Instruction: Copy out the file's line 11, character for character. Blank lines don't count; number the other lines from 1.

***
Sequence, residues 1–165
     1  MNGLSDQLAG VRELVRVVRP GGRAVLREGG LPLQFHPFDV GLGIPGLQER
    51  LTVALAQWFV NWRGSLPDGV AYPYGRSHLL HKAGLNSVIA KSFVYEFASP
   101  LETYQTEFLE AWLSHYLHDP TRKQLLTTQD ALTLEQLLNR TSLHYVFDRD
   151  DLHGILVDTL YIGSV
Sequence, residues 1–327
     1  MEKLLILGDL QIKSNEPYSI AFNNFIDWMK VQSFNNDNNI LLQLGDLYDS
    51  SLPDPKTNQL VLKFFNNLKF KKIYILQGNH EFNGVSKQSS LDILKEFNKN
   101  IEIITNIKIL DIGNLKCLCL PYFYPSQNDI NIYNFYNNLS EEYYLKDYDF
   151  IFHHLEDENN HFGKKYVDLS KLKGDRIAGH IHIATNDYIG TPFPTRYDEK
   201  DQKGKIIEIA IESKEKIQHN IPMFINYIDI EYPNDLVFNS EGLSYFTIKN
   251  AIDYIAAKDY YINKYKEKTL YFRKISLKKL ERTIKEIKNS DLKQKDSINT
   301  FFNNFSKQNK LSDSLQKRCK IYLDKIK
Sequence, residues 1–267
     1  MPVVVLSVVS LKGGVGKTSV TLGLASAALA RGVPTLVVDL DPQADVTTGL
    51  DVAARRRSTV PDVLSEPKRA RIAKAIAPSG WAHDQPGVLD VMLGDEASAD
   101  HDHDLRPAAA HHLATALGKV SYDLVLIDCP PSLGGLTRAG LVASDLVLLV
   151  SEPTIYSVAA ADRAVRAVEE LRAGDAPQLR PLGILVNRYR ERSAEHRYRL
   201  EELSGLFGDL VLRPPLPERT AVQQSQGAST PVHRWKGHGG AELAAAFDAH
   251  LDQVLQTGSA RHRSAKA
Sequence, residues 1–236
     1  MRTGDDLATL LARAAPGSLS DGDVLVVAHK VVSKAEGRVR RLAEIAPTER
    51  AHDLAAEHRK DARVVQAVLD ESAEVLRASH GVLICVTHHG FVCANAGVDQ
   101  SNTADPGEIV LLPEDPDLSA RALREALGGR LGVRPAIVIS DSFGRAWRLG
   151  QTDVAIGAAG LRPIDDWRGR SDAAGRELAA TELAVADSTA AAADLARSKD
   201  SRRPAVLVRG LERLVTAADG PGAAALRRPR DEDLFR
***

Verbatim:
   201  DQKGKIIEIA IESKEKIQHN IPMFINYIDI EYPNDLVFNS EGLSYFTIKN